Mexico, needless to say, has complained about SB 1070. But it has also spoken out against "unilateral measures taken by the Congress" against illegal immigration. [Mexican President Assails U.S. Measures on Migrants, By James C. McKinley Jr., New York Times, September 3, 2007] As's Allan Wall has repeatedly demonstrated, Mexico's position is completely hypocritical and amounts to complaining if Americans dare to intervene in their own affairs.

Judge Noonan concurred with Paez, but added: "The Arizona statute before us has become a symbol. For those sympathetic to immigrants to the United States, it is a challenge and a chilling foretaste of what other states might attempt."

Noonan went on to claim that this colorful comment did not affect his constitutional judgment. So why did he make it?

Who are these unelected Justices subverting the people of Arizona? Two of the three Judges, Carlos Bea and Richard Paez are Hispanic. In the interest of fairness, I will say there is little evidence that Judge Bea's decision reflected his ethnicity. His decision dissented from, and specifically rejected, the other two Justices' appeals to foreign affairs.

But Richard Paez is another story. His nomination was held up for over a year due to his left-wing record. He once said "I appreciate ... the need of the courts to act, when they must, when the issue results from the failure of the political process to resolve a certain question" and referred to Ward Connerly's anti-racial preference California Civil Rights Initiative as an "anti-civil rights initiative", suggesting he would strike it down. [No Justice, No Paez, by Mickey Kaus, Slate, March 12, 2000]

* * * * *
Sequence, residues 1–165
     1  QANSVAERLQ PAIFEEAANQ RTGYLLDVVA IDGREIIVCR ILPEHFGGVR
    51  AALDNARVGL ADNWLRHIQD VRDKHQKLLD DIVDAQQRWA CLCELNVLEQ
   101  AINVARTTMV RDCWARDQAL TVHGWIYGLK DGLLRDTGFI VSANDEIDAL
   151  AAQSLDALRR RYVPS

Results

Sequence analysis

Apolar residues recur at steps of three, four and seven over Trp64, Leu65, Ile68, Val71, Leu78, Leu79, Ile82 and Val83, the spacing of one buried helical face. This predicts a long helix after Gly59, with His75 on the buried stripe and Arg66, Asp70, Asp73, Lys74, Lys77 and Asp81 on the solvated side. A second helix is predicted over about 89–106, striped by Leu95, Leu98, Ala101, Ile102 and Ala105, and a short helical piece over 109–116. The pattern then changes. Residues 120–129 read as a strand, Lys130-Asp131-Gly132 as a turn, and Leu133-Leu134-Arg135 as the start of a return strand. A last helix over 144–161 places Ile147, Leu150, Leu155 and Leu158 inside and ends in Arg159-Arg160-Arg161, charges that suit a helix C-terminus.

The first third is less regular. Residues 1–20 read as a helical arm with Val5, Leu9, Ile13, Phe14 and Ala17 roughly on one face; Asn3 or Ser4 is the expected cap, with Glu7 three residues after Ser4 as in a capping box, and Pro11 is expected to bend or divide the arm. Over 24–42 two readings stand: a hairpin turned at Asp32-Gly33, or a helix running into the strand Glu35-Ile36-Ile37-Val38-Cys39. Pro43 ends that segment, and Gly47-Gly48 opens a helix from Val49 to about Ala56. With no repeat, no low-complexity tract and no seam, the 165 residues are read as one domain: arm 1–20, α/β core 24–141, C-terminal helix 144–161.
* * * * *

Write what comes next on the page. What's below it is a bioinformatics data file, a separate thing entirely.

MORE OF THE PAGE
Naturally, groups like the Congressional Hispanic Caucus said that Republican racism was the cause of Paez' confirmation delay.

Paez went on to speak at the Berkley La Raza Law Journal's panel "Raising the Bar: Latino and Latina Presence in the Judiciary and the Struggle for Representation" at which Sonia Sotomayor made her now-infamous "wise Latina" comments.